That's Boris Karloff riding off on a mechanical horse.
This footage was shown at the end of Mario Bava's 1963 film Black Sabbath, but only in the Italian version. In the English version, they cut the scene out, according to coolasscinema.com:
But in the original Italian version, we close out with this ending monologue from Karloff decked out in his Wurdulak costume -- "So there it is. Didn't you see that end coming? There's no fooling around with ghosts, because they take revenge. Well, we've come to the end of our tales... so, sadly, I must leave you now. But watch out on the way home. Look around you, look behind you... careful when you open the door! And don't go in without turning on the light! Dream about me! We'll become friends!"
The camera then backs away revealing Karloff atop a fake horse as film technicians run around giving the illusion he's riding passed trees. This light-hearted, comedic moment was discarded from the US print, which closes without any final words from Karloff. Instead, it goes straight to the end credits backed by a lighter toned Baxter composition that sounds similar to the sort the man created for the Roger Corman-Poe pictures that were popular at the time.
(Super Punch, TATJANA SL) Read the rest
This risky rescue could have gone wrong in a number of ways, but the first responders were able to save a horse that had walked onto thin ice without injuring the horse or themselves. Read the rest
Horses use 17 discrete facial movements in communication, compared to 27 for people, 16 for dogs, and 13 for chimpanzees. University of Sussex researchers determined this by studying the musculature under a horse's face and watched videos of horses of all ages and multiple breeds. This enabled the scientists to create a catalog of facial behavioral sequences named EquiFACS (Equine Facial Action Coding System.) From National Geographic:
Jennifer Wathan, the study’s lead author, says the similarities between horse movements and human ones are striking. They include raising inner eyebrows (“puppy-dog eyes”) to show fear, surprise, or sadness; pulling back lip corners (smiling) in greeting or submission; and opening eyes wide to indicate alarm...
Her team’s research, which is already helping veterinarians and trainers, could also connect facial expressions to emotional states. “We don’t know much about the emotional lives of animals,” she says. “What does a positive emotion look like? This tool could help us see it.”
"EquiFACS: The Equine Facial Action Coding System" (PLOS One) Read the rest
Sara Barnes at My Modern Met profiles photographer Wiebke Haas, whose stunning art photographs of horses have won her global acclaim.
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Photographer Andrius Burba went to great lengths to capture horses from below, and the result was worth the effort. Behold the Under-Horse series. Read the rest
quakka. quakka. quakka. quakka. quakkaaaaaaaaaaaaaaaaaaaaaaaaaaaaaaaaaaaaaaa Read the rest
Researchers from the Norwegian Veterinary Institute developed and tested a system for horses and people to communicate using a symbolic language. From the Daily Grail:
...Twenty three horses learned to tell trainers if they wanted to wear a blanket or not. Subjects were shown three symbols: a horizontal bar to say "I want a blanket", a blank square for "No change", and a vertical bar for "I don't need a blanket". They learned the meanings in a day or two and using them to convey if they were too warm or too cold, building the case for self-awareness...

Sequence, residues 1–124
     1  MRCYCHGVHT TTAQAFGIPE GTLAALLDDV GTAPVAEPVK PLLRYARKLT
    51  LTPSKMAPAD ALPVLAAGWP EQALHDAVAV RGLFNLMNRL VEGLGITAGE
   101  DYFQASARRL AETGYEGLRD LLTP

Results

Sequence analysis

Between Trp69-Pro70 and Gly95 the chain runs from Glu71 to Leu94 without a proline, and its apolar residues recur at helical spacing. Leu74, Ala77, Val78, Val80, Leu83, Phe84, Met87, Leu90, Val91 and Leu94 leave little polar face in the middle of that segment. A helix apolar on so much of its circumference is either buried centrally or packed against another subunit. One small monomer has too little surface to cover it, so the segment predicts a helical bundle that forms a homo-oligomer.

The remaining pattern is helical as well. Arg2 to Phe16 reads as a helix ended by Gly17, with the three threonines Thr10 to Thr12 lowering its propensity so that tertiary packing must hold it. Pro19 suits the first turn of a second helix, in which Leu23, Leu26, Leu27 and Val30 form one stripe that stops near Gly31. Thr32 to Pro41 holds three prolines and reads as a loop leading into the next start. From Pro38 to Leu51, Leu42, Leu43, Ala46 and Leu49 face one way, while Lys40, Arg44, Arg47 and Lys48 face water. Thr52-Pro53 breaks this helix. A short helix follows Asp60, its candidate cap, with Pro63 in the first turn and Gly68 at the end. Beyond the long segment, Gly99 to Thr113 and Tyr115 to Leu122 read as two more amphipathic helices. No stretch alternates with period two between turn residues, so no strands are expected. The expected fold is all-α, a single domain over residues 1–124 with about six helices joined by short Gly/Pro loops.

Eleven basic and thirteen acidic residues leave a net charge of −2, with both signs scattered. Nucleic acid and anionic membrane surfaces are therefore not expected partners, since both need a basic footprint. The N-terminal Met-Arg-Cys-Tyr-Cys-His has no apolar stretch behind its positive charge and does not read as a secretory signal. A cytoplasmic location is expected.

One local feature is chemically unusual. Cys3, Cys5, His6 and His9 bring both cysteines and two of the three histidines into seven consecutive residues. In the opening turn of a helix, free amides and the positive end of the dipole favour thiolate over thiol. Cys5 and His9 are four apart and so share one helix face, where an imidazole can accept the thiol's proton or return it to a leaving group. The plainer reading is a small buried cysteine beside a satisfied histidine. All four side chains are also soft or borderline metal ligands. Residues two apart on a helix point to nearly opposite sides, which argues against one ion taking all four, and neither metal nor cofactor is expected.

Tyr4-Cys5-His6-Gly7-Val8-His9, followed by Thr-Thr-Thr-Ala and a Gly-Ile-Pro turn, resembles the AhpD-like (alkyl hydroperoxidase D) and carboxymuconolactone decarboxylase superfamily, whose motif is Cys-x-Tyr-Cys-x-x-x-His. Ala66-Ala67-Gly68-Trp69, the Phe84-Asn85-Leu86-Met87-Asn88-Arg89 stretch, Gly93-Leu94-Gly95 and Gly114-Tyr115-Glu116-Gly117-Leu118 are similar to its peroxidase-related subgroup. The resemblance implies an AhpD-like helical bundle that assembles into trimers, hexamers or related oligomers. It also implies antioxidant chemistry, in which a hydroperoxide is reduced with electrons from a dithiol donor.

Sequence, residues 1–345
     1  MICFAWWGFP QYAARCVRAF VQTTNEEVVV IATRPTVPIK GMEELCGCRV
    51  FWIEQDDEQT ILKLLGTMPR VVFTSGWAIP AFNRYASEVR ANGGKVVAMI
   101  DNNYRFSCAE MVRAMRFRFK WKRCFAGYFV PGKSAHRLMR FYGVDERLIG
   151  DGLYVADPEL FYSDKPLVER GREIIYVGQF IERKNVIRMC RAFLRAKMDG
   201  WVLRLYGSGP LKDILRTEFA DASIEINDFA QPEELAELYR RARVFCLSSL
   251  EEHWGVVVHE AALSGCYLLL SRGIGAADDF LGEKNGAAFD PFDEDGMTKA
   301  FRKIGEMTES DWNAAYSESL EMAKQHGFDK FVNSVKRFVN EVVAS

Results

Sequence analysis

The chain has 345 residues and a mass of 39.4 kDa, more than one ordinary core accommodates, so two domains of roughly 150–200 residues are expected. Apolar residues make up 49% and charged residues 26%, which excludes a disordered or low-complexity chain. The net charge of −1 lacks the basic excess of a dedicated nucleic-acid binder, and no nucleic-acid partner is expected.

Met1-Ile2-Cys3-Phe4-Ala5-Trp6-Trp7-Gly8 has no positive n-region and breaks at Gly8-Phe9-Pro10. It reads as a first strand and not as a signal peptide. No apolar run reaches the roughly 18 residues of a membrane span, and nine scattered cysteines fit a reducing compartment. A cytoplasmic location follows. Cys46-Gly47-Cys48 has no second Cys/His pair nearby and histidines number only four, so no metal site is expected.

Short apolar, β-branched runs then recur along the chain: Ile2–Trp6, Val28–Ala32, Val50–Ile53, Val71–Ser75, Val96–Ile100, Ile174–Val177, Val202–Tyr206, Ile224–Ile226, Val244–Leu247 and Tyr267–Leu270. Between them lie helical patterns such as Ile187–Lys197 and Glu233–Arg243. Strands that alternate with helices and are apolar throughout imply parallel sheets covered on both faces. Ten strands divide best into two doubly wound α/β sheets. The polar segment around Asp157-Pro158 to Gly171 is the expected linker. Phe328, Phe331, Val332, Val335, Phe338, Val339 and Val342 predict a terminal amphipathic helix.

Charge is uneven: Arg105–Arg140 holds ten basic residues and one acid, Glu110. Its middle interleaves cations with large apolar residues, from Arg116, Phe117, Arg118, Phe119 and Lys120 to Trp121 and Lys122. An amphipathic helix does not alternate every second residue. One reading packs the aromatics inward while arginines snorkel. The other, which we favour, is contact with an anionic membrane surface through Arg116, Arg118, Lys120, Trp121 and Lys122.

(In the scientific paper, the researchers write that,) "When horses realized that they were able to communicate with the trainers, i.e. to signal their wishes regarding blanketing, many became very eager in the training or testing situation. Some even tried to attract the attention of the trainers prior to the test sit- uation, by vocalizing and running towards the trainers, and follow their movements. On a number of such occasions the horses were taken out and allowed to make a choice before its regular turn, and signalled that they wanted the blanket to be removed. It turned out that the horses were sweaty underneath the blanket."
"Horses can learn to use symbols to communicate their preferences" (Applied Animal Behaviour Science)
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Even if you don't ride horses or skimboard, this gorgeous location makes this amazing feat worth watching. Read the rest
This horse showed great restraint and, hopefully, taught this child something about not punching horses.
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Scientists at the University of Sussex have published a directory of horse facial expressions. The Equine Facial Action Coding System catalogs "17 discrete facial movements in horses that may indicate mood or intention or just bafflement," reports The Guardian.
Boing Boing created this chart that shows each facial expression identified by the scientists. We hope you find it helpful.
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You Are A Horse is a Twine game where you are a horse. Who robs a bank.
Behold! An ASCII horse without end
. This is straight-up the best thing put on the internet so far this decade. It's by Colleen Josephson and emerged from The Stupid Hackathon
. Read the rest
Stephen and Pat raise horses in New Brunswick. One of them, however, knows how to raise itself.
"They think it's not real," Stephen said. "They think you've Photoshopped it, but it's real and it really happened." [CTV via Arbroath.] Read the rest
Scientists at the University of Copenhagen sequenced the oldest genome yet — 700,000-year-old DNA
from an ancient ancestor of the horse. The Nature Podcast explains why doing this is valuable
(and, no, it's not about creating a cloned ancient horse park) and how you go about sequencing such elderly, and thus degraded, DNA. Read the rest